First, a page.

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Core Collection Windbreaker

Constructed of Polyester featuring a drawstring hood, zip up closure and dual zippered hand pockets.

King Tshaka M65 Jacket

Classic M65 jacket constructed of light-weight cotton canvas.

The Come Up: CJ Fly

February 12th, 2014

XXL Magazine highlights CJ Fly, discussing his background in Brooklyn hip hop, joining Pro Era, and the future of the group. View excerpts from the article and lookout for new music for day Day 4 of Pro Era Week.

CJ FLY: Being from Brooklyn, you can’t avoid the music that’s around you. Outside, hip-hop will be playing on the radio; you want to be a part of something so deep in your culture. Being the Brooklyn kid that I am, I had to tap into it. [Brooklyn] definitely helped bring definition into the music and the view of what life was. It definitely had a big influence on that. Aside from Brooklyn, look at Bedstuy, for example—Jay-Z and Biggie. There’s a lot to top. Not in the whole Brooklyn, but just from my neighborhood alone. At the top, it’s Jay and Biggie.

Rapping just came naturally. I don’t think about it too much but I’ve always listen to music as a kid and I didn’t want to do anything else. I’ve always loved poetry, too. I definitely tried to fuse it. You can hear it even when I don’t try. You can hear an accent when I speak sometimes. I try to make my music American and sometimes in our raps, people say they can hear reggae in my voice. I wasn’t trying to, though; it was more natural. All the stuff I was listening to as a child comes out in my music.

I don’t try to sound like any other artist. Even when we were making Joey’s 1999, we didn’t really pinpoint the hip-hop and be like, “Let’s do this to sound differently.” But that’s what came up—that’s what we projected once we started rapping. We definitely try to manifest everything we’ve planned. But a lot of things were blessings and a lot just came.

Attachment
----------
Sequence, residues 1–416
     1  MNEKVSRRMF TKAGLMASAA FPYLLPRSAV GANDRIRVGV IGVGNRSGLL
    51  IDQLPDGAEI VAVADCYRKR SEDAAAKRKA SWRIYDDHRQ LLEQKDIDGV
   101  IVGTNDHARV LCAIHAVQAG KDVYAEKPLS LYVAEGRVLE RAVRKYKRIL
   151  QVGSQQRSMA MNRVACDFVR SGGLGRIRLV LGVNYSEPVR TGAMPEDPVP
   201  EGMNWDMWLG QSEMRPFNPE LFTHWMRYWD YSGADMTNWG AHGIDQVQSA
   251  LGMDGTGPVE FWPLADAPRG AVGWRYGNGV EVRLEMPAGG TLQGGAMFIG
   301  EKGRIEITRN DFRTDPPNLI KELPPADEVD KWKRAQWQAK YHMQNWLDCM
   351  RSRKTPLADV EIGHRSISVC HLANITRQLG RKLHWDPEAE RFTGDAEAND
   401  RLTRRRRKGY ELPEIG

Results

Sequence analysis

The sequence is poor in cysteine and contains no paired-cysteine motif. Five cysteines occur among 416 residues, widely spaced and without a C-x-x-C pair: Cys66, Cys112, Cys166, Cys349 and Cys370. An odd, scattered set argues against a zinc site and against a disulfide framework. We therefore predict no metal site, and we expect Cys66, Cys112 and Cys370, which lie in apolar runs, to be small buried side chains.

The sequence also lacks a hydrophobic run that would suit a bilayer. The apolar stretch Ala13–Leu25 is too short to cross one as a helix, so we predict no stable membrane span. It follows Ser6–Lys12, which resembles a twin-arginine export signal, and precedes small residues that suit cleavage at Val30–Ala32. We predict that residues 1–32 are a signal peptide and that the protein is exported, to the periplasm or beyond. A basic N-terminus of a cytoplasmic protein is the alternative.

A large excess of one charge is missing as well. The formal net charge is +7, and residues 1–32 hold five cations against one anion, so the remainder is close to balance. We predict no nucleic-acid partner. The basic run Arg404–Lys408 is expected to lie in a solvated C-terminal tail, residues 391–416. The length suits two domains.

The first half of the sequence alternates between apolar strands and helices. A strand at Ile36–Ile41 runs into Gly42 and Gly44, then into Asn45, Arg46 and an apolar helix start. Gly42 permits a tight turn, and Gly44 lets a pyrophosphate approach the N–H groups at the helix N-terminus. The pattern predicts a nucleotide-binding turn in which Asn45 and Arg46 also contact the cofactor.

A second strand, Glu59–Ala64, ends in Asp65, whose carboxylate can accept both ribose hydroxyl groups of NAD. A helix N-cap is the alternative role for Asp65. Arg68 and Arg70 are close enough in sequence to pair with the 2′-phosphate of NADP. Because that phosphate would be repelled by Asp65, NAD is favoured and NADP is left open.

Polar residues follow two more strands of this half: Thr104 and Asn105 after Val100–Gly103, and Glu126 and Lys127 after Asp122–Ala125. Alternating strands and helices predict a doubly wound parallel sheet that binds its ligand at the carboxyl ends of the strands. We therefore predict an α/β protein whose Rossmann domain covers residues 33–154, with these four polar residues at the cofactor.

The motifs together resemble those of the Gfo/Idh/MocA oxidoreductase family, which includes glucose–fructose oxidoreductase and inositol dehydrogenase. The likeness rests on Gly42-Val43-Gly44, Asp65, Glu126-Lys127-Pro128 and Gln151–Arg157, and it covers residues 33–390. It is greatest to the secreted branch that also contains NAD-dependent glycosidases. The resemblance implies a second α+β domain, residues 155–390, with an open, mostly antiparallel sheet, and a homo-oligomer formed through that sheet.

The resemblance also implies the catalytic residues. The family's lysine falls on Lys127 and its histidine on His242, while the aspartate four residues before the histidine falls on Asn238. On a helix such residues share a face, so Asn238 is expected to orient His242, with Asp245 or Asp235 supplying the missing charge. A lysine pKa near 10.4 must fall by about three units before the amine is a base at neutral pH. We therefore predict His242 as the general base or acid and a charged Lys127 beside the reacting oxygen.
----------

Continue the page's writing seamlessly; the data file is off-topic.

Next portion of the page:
I want Pro.Era to be as big as big as every rap crew in history. I want to be the greatest to do it in the history of legendary rap groups. We have a bunch of spitters with each one of them being able to rap. It separates us from a lot of groups. We can all genuinely rap.

View the article in its entirety at XXL.com.

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Dirty Sanchez – Giver Her A Call (feat. Dyemond Lewis & Dessy Hinds)

February 11th, 2014

Pro Era’s Dirty Sanchez, Dyemond Lewis and Dessy Hinds drop “Dirty Dancing”, the 3rd track for Pro Era Week.

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LRG Canada – Arte Lew

February 11th, 2014

International team rider Arte Lew just dropped a proper part for LRG Canada.

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Cam’ron & Dame Dash at the VFILES Made Fashion Show Afterparty

February 11th, 2014

Cam’ron was spotted reppin’ the Legacy Sweatshirt at his after party during New York Fashion week, check the photos and follow Killa Cam on Twitter. #HateNowCapeLater

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Rokamouth & A La $ole featuring Jean Deaux – Dirty Dancing